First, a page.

By 1526 Tyndale's New Testament, freshly translated from the Greek, was being smuggled into England for those who wished to read scripture in English. Reaction of the clergy was quick and sharp. Sermons were preached against it and in the spring of 1527 the Archbishop of Canterbury asked his bishops to buy up as many copies as they could find so that the books could be burned. Of that first printing of 1526 only 2 complete copies remain. One was found in 1996 at Stuttgart during cataloging of the bible collection of the State Library of Wurttemberg. Another is in the British Library and a partial copy belongs to the Cathedral Library of St. Paul's in London.
In 1530 Tyndale's translation of the Pentateuch (first five books of the Old Testament) was published and the next year his translation of the book of Jonah. Tyndale had moved to Antwerp and continued work on translating the rest of the Old Testament.
In the spring of 1535 a young Englishman, Henry Phillips, turned up in Antwerp and struck up a friendship with Tyndale. Apparently Phillips had made a deal with both English and Imperial authorities to have Tyndale arrested and his papers confiscated. It worked and Tyndale was imprisoned for 16 months. In October of 1536 William Tyndale was strangled - regarded as merciful in recognition of his standing as a scholar - and his body then burned. Fortunately his manuscript of the rest of the Old Testament had been removed and was saved.
Mary ordered English bibles to be burned and thousands were; soon not only bibles, but Protestants and, even those who supported the use of English bibles, were being burned. It has been estimated that during her five-year reign (1553-1558) nearly three hundred people were burned at the stake or beheaded; more were tortured or imprisoned. Many clergymen and academics left for the continent - often to Frankfurt and later to Geneva, then a republic under the control of the French theologian known in English as John Calvin. With a critical mass of scholars present in Geneva it was soon decided to produce a new English bible.
Poor Tyndale - under the decree of 1408 his translations were illegal in England, even up to the time of his death in 1536. Yet the twists and turns of Henry VIII's thinking and acts made acceptable Coverdale's translation of 1535. Coverdale's translation is now of "historical interest"; Tyndale's words live on, and resonate through our language, thanks to the Geneva "Breeches" Bible. Phrases such as let there be light, my brother's keeper, salt of the earth, ye of little faith, signs of the times - these are Tyndale's.
The goal in Geneva was production of an entire English bible which turned out to be largely based upon Tyndale's work. The New Testament, owing much to Tyndale's New Testament of 1526, was published in Geneva in 1557.
Queen Mary died in November of 1558 and was succeeded by her half-sister Elizabeth who would hold the throne for the next 45 years. The Geneva group did not immediately return to England, but worked toward completion of the Old Testament. Tyndale had developed a good knowledge of Hebrew and had completed translation from Genesis through 2nd Chronicles, and the Book of Jonah, before he was imprisoned. This left the last few historical books and the poetic and prophetic books to be done. The complete bible was printed in Geneva in 1560 and was equipped with a dedication to Elizabeth from your humble subjects of the English Churche at Geneva.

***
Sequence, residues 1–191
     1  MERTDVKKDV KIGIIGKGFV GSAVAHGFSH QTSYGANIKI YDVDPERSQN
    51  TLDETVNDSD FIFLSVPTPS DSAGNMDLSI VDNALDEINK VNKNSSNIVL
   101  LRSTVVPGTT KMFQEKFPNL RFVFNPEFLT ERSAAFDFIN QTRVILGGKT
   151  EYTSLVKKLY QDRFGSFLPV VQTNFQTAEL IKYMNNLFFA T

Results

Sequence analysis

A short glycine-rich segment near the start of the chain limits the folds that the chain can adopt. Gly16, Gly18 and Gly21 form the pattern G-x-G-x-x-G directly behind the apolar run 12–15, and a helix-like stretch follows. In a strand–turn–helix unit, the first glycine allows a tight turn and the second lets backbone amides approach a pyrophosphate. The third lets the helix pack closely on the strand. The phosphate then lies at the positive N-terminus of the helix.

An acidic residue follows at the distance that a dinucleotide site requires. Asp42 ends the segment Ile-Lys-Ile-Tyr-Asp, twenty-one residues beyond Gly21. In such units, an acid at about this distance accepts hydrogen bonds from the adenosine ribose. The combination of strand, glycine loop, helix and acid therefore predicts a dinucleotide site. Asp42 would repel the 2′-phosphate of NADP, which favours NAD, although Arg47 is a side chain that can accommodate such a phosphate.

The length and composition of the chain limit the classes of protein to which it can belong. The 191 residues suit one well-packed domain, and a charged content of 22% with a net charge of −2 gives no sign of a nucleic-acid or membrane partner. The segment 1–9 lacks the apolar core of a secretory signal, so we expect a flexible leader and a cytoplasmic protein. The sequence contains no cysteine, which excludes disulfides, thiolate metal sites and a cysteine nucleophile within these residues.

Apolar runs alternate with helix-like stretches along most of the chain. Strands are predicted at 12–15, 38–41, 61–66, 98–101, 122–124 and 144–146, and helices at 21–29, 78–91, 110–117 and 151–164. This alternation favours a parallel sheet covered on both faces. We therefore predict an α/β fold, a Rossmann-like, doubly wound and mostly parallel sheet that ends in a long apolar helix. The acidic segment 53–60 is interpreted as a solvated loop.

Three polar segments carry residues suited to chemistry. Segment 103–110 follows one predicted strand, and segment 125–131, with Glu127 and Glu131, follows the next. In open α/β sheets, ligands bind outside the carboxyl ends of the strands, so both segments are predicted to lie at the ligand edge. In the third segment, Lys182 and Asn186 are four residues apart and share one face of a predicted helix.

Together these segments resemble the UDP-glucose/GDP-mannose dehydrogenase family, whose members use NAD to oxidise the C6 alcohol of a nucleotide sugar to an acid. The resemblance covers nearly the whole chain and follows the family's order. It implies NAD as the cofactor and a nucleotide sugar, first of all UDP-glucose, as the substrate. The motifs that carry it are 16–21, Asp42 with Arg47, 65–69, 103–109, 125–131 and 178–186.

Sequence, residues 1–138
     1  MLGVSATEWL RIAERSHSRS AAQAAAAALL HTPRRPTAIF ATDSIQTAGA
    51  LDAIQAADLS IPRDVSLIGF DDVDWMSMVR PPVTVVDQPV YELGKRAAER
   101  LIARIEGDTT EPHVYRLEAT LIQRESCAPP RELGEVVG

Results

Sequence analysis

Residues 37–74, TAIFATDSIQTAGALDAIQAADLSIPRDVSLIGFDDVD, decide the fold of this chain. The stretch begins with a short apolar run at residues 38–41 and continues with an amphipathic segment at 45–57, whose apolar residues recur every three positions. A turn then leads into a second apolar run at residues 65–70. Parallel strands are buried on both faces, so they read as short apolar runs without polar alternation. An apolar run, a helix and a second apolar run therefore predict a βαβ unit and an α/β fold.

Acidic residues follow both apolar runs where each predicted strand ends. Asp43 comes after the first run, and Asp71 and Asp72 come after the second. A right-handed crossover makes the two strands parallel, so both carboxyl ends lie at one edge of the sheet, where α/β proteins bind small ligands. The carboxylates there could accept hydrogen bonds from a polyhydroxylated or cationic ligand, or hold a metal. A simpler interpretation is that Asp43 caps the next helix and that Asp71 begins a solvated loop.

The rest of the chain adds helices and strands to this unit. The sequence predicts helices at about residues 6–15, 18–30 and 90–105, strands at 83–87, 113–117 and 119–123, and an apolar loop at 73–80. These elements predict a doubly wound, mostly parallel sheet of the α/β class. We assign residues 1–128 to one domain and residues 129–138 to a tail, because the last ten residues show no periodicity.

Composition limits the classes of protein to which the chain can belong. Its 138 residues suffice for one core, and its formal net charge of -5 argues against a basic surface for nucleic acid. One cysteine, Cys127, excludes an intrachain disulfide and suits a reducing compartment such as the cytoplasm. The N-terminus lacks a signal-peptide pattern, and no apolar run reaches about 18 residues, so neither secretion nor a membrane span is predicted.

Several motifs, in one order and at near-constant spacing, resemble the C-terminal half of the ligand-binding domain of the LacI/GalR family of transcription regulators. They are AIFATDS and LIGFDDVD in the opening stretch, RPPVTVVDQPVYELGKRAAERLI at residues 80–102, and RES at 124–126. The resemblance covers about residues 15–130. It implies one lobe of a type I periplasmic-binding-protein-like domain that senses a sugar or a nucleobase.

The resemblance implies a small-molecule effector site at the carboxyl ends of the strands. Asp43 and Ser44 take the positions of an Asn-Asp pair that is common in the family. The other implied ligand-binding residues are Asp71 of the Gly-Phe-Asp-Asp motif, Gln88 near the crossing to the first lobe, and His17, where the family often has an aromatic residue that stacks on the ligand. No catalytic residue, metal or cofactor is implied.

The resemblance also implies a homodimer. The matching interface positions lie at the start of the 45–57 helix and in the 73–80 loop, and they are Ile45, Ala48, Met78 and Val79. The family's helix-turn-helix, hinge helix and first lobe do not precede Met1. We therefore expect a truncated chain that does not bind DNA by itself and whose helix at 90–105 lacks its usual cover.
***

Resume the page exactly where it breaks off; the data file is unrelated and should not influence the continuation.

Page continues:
This new bible had a great deal to offer English readers.
What happened to it? From its first printing there were English clergymen and many others who were uncomfortable with the marginal notes - too Calvinist, too strongly-worded, too anti-this, too anti-something else. In 1603 Elizabeth I died and was succeeded by a rather distant relative, James I, then James VI of Scotland.
James was not a fool - he wrote the first criticism in English of smoking - but he did believe in absolute autocracy and in the divine right of kings. He certainly found many of the marginal notes in the Geneva Bible to be very unpalatable; indeed some of them criticized kings and suggested that they need not always be obeyed. He was soon approached by leading English clergy who, for a good many years, had wanted a "new" Bible - what they were after was one which lacked the offending notes. They wanted something which we, 400 years later, might refer to as "politically correct". That was OK with James; after several years of work by a committee of 54 scholars the replacement Bible, i.e. the King James version appeared.
The notes of the "Breeches" Bible are gone, but much of the text of the KJV is still the words of William Tyndale, in some places smoothed, in others amended. Thanks to the "breeches" bible of Geneva, those words lit up the 17th century and live on. They still beg to be read aloud. William Tyndale is said to have been, at least as much as was Shakespeare, an architect of the English language. His words and his language greatly influenced those who founded the American colonies and then the United States.